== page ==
DPS Wailer 105 vs. 14/15 Blizzard Cochise, 185cm
Speaking of firm, frozen, nasty off-piste conditions (think spring skiing early in the morning or late afternoon, before or after conditions have softened up), the Cochise has felt more forgiving and less harsh than the Wailer 105. But as conditions begin to soften up at all, that harshness diminishes and the ride quality of the Cochise and the Wailer 105 feel more similar.
Having said that, the Cochise is a bit less work than the Wailer 105s in virtually all conditions. But we still need to get the new Cochise on groomers to see how the two skis compare.
So, Who’s It For?
For those looking for an all-mountain ski that can be pushed very hard in firm conditions, I would be most inclined to recommend the Wailer 105 for bigger skiers or physically strong lighter skiers.
I.e., for a 165 lbs. skier (we’ll call “165 lbs.” the lighter side of the spectrum), I’d likely recommend the Cochise or the Belafonte over the Wailer 105. They both feel a bit easier to ski, but they can both still be pushed hard.
If you’re around 185 lbs., then I think it’s difficult to clearly recommend one over the other. As noted, the Cochise feels a bit less harsh in very firm, frozen, pretty nasty off-piste conditions. But as conditions soften up a bit, the stiff shovels of the Wailer 105 feel less harsh and simply stable.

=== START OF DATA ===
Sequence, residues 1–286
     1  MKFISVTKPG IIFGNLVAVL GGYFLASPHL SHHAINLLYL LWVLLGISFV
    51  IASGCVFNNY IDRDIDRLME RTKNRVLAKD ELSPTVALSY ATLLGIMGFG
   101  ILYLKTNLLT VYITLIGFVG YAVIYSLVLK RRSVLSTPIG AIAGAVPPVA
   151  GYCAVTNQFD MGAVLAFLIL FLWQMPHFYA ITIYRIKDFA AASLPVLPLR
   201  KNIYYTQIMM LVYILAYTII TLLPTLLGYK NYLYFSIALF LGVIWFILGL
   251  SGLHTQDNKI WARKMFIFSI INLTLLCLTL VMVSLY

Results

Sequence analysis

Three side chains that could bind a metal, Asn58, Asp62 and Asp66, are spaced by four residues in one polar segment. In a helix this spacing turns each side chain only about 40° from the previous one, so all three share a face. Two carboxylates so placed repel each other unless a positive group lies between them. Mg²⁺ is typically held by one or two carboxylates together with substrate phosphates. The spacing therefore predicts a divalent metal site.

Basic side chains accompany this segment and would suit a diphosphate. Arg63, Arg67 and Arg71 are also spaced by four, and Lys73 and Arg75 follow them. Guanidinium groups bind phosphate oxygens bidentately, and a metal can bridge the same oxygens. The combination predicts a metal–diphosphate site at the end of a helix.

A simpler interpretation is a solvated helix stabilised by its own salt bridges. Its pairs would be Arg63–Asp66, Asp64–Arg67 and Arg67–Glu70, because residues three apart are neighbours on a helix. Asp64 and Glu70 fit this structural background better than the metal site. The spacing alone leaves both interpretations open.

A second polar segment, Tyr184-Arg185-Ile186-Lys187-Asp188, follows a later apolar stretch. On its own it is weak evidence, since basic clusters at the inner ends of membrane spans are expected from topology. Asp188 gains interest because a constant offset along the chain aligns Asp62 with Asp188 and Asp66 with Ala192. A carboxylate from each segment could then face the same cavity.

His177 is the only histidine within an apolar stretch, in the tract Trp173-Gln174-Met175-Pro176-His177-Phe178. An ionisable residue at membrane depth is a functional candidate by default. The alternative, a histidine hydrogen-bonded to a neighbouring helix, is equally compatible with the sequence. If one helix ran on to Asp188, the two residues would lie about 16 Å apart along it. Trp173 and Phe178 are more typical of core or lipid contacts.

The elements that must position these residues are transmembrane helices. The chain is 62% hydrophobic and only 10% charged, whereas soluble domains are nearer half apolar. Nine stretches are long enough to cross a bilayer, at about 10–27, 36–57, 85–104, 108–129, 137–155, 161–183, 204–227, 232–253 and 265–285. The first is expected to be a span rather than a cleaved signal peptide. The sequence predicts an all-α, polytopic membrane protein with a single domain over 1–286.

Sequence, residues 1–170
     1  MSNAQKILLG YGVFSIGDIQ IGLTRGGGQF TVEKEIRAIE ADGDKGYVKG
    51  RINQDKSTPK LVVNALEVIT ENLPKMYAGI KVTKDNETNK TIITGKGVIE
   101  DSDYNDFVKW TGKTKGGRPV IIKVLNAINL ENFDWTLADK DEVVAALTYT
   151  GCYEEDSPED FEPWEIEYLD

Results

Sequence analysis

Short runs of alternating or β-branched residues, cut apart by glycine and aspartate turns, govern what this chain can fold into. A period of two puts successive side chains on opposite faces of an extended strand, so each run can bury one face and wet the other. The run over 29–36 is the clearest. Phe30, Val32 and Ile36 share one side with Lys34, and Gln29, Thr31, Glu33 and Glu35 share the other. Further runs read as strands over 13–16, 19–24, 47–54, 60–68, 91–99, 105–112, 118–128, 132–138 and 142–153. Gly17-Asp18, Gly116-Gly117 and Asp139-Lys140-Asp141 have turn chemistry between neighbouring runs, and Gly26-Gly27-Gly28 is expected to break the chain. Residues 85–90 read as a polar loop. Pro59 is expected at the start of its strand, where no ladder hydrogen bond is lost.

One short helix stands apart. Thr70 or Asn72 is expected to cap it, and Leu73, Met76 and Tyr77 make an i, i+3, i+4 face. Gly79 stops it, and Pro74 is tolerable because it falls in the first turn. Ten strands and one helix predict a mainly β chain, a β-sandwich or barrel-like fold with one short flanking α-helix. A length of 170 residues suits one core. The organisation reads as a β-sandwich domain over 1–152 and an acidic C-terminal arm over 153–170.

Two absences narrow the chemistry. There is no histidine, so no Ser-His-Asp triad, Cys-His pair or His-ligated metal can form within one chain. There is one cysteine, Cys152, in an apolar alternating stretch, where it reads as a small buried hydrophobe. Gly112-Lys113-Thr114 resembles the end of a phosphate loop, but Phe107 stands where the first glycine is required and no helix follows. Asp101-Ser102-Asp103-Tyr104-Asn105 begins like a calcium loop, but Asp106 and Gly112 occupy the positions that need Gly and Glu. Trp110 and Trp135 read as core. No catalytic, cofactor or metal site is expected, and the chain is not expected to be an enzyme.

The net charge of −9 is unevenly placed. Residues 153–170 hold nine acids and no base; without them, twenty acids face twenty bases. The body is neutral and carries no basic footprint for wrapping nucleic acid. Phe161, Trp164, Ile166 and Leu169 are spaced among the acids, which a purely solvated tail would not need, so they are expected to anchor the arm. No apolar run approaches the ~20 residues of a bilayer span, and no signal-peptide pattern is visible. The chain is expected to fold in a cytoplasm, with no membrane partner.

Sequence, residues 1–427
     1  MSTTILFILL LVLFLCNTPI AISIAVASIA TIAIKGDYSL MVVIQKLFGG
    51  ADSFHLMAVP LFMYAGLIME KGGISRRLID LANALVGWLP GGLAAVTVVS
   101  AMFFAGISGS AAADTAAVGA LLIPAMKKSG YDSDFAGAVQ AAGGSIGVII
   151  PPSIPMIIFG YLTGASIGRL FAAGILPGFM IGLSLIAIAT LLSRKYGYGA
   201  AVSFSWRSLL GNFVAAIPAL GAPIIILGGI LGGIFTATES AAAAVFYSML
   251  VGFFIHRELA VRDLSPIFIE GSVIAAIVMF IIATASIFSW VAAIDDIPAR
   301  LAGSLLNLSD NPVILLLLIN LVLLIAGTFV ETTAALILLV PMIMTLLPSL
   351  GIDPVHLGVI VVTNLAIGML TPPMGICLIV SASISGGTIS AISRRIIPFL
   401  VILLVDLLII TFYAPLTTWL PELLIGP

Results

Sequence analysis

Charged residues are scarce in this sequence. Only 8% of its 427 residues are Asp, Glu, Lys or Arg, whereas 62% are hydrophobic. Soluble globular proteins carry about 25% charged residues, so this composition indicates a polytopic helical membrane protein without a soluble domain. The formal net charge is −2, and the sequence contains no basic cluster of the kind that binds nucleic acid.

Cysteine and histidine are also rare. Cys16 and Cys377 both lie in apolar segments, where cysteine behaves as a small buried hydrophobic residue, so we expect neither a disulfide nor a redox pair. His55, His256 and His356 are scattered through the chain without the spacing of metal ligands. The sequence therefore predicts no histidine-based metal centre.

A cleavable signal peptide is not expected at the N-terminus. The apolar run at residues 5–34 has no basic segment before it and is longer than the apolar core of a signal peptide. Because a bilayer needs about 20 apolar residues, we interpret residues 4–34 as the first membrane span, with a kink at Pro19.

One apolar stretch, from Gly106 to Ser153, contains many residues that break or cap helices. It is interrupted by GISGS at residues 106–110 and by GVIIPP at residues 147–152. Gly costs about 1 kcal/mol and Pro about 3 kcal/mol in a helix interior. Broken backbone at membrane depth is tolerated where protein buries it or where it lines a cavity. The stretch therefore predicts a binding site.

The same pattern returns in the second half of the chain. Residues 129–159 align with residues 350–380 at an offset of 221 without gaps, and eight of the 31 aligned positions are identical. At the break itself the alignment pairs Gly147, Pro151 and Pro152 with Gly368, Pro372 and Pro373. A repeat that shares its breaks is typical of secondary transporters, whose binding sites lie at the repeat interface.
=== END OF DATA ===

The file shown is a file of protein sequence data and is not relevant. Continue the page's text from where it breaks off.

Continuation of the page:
And for those over 185 lbs—and certainly for those closer to 200, 220, 240 etc.—Paul and I would both be increasingly inclined to recommend the Wailer 105.
In other words, if you’re a bigger skier who doesn’t necessarily want to bump up to a longer-length ski, the Wailer 105 is one of the most solid 185cm-long skis currently available. Heavy skiers will still feel very well supported on this ski, and won’t have to go long in order to get that stability.
A Few Thoughts on Mount Location
If you will most likely be breaking out the Wailer 105 in firm conditions, Paul and I have both liked the skis mounted 82.0cms from the tail.
If you care more about optimizing for soft / deep conditions, then you might want to go back 1cm to 81.0. There were times at Alta this past season where in thick, deep, spring slush, I felt a bit far forward on the skis.
For me personally, given that I would use this ski primarily when conditions were slightly soft but without fresh snow, I would mount at 82.0cms from the tail. And especially given that the final production model is said to have slightly less tip splay than the pair we’ve been testing, I’m less worried about feeling like I have too little ski out in front of me.
As some ski companies seem to be struggling to get clear on what sort of skis they really want to build, DPS now stands out as offering three clear and coherent product lines. This is a really good development, and a really good thing for all types of skiers.
The new Wailer 105 Hybrid T2 is a very good all-mountain ski that will be most appreciated by physically strong skiers who like to ski hard and fast (rather than light and fluid) in variable conditions.
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